Naming Clarkson beneficiary of a policy is a revocable decision, so no current income tax charitable deduction is allowed. If Clarkson is named the owner and beneficiary of a policy, the donor may be eligible for an income tax charitable deduction equal to roughly the cash value of the policy. If structured correctly, the donor may also be able to claim an annual income tax charitable deduction for future premium payments paid on a policy where Clarkson is named the owner.
To claim an income tax charitable deduction, however, it is important to understand that Clarkson must have all rights of ownership over the policy, including the right to hold or cash in the policy, and the right to make or terminate premium payments. Otherwise, the government does not allow the donor to claim a charitable deduction.
Gifts of life insurance over $5,000 must have a “qualified, independent appraisal” if the donor wishes to declare an income tax charitable deduction.
Special attention should be paid to a policy with outstanding loans when Clarkson is named the owner/beneficiary to avoid tax and gift complications.
At such time as a policy matures, the policy value is removed from the value of the estate. Sometimes a donor prefers a life insurance gift because the proceeds from the policy will pass outside of the (public) probate process directly from the insurance company to Clarkson.
Process to Create
While every gift situation is unique, there are several steps that may be outlined to help clarify the process.
- You decide. Philanthropy is a lifelong process. At some point you may wish to express your thanks to Clarkson and help ensure the Clarkson experience, and decide that a gift of life insurance may work for you.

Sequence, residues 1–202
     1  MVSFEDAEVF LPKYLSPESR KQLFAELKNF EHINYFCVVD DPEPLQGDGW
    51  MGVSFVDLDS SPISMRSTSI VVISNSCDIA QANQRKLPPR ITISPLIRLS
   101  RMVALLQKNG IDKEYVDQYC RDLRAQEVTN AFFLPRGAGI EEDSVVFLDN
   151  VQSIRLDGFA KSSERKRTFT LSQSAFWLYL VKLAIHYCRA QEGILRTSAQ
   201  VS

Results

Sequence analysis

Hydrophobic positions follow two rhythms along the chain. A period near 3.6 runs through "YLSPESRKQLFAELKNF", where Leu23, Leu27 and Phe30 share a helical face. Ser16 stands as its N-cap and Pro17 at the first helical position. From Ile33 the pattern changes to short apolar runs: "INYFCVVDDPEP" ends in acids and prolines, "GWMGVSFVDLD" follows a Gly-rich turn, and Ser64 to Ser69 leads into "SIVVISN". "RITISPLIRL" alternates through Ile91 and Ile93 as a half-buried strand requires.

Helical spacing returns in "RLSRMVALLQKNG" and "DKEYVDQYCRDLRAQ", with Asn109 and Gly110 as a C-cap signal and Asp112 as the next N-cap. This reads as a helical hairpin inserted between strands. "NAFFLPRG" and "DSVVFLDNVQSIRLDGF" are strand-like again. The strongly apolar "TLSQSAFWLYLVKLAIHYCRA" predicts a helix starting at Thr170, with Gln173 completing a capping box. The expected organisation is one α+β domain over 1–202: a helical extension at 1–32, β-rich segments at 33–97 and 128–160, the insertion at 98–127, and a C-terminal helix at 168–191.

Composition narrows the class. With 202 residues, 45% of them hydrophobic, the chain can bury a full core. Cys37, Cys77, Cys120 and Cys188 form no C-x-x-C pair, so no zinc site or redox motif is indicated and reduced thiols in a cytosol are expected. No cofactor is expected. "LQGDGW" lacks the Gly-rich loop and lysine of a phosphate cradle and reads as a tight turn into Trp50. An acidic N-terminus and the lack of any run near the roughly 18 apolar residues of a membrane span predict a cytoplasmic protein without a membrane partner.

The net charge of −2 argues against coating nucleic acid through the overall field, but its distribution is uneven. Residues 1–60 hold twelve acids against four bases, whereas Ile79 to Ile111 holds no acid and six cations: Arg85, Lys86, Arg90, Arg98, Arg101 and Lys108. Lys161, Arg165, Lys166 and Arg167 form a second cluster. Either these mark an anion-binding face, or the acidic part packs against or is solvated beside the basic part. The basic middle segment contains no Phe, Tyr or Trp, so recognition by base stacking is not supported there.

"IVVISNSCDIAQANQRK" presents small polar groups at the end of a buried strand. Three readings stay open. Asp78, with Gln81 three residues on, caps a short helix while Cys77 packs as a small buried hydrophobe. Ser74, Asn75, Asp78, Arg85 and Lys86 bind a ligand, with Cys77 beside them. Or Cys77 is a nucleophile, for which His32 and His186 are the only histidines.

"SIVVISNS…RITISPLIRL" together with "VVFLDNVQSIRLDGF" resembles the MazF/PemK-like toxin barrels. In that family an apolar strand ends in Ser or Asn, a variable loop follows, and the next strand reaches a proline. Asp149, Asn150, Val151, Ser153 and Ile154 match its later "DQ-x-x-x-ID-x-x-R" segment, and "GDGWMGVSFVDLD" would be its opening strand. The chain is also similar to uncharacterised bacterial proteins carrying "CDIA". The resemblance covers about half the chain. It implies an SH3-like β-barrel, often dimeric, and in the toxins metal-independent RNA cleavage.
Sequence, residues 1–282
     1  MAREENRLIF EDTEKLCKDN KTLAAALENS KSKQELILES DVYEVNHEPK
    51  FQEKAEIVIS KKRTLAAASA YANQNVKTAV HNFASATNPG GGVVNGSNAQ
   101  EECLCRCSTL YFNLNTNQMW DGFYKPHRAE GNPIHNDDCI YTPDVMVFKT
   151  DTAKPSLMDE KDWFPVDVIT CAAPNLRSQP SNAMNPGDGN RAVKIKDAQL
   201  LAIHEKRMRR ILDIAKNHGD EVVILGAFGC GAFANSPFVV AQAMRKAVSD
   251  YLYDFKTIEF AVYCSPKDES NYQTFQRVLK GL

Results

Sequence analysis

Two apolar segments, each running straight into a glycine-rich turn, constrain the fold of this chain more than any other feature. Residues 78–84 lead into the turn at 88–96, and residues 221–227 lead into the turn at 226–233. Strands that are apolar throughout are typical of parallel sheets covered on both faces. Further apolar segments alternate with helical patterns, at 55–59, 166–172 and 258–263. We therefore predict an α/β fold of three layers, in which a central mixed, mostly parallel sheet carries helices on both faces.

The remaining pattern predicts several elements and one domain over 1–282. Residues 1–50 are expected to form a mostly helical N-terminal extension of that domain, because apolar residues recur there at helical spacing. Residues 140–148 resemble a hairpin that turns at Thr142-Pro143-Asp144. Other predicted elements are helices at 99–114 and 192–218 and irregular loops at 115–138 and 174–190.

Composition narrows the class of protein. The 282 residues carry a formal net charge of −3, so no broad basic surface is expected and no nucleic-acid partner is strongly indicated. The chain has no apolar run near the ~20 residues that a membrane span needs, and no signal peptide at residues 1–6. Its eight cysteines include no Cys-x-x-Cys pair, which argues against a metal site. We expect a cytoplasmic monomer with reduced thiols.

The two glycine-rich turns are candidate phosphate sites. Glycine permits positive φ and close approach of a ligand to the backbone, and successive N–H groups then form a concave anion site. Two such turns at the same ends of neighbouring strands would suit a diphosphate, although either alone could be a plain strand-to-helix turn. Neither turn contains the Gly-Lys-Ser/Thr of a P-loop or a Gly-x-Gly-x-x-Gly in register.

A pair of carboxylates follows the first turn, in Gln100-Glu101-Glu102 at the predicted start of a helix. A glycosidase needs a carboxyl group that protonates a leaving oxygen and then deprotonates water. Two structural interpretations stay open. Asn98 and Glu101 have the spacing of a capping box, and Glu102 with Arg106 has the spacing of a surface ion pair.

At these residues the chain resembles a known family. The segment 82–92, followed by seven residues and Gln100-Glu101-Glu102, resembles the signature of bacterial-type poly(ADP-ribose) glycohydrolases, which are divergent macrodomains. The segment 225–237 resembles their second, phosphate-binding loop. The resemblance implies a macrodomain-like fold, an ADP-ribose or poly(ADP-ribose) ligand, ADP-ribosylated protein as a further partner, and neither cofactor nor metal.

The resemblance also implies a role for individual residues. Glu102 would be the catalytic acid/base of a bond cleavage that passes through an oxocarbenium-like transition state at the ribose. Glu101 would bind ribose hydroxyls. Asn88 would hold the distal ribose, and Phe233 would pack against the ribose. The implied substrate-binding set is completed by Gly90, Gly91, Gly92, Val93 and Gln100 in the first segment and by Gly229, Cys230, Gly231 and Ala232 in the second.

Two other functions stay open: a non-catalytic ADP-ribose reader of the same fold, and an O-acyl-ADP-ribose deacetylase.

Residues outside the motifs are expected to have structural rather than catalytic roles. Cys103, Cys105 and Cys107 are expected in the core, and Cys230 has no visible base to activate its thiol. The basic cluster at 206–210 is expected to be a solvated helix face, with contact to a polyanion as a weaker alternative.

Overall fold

- We talk. You may wish to speak with the Annie Clarkson Society to make sure that your wishes can be accomplished at Clarkson, and to create the necessary documentation so that those who come after us can fulfill your intentions.
- You talk. You may wish to meet with your financial and legal advisors to discuss options and confirm that a gift of life insurance is right for you. If so, you request the appropriate legal documents to create the gift plan.
- You sign. You make a final review and sign the appropriate legal documents, creating or modifying your gift plan.
- You relax. You have just connected yourself with the past and the future as you continue the good work of those who came before you and prepare the way for those who will come after you. Enjoy the moment!
What to Expect After Your Plan is Created
The creation of your plan is the start of a new relationship with Clarkson:
- If you are a new member of the Annie Clarkson Society, you will receive letters of welcome.
- As an Annie Clarkson Society member, you will receive the Society newsletters and annual report each year.
This web page does not provide legal or financial advice, nor is it a comprehensive review of the topic. You should consult your legal and financial advisors and Clarkson University before making or planning your gift. (rev. 2/2014)
Cash, Checks, Credit Cards
Charitable Lead Trusts
Closely Held Businesses
Charitable Gift Annuities
Charitable Remainder Trusts
Pooled Life Income Fund
Retained Life Estates
Stocks, Bonds & Mutual Funds
Tangible Personal Property
E2E Counting Guidelines